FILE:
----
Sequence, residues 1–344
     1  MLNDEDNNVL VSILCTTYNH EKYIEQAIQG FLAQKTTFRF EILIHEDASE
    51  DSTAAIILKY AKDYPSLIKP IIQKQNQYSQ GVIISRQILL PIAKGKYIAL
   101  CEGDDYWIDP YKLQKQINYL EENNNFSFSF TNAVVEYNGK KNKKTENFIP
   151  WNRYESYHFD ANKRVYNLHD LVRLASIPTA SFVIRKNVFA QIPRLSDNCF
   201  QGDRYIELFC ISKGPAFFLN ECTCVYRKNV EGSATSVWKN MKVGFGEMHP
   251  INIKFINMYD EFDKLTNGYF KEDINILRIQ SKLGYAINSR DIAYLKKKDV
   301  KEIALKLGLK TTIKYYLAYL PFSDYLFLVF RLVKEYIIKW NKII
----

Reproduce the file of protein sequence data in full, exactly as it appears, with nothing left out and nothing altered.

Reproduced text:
Sequence, residues 1–344
     1  MLNDEDNNVL VSILCTTYNH EKYIEQAIQG FLAQKTTFRF EILIHEDASE
    51  DSTAAIILKY AKDYPSLIKP IIQKQNQYSQ GVIISRQILL PIAKGKYIAL
   101  CEGDDYWIDP YKLQKQINYL EENNNFSFSF TNAVVEYNGK KNKKTENFIP
   151  WNRYESYHFD ANKRVYNLHD LVRLASIPTA SFVIRKNVFA QIPRLSDNCF
   201  QGDRYIELFC ISKGPAFFLN ECTCVYRKNV EGSATSVWKN MKVGFGEMHP
   251  INIKFINMYD EFDKLTNGYF KEDINILRIQ SKLGYAINSR DIAYLKKKDV
   301  KEIALKLGLK TTIKYYLAYL PFSDYLFLVF RLVKEYIIKW NKII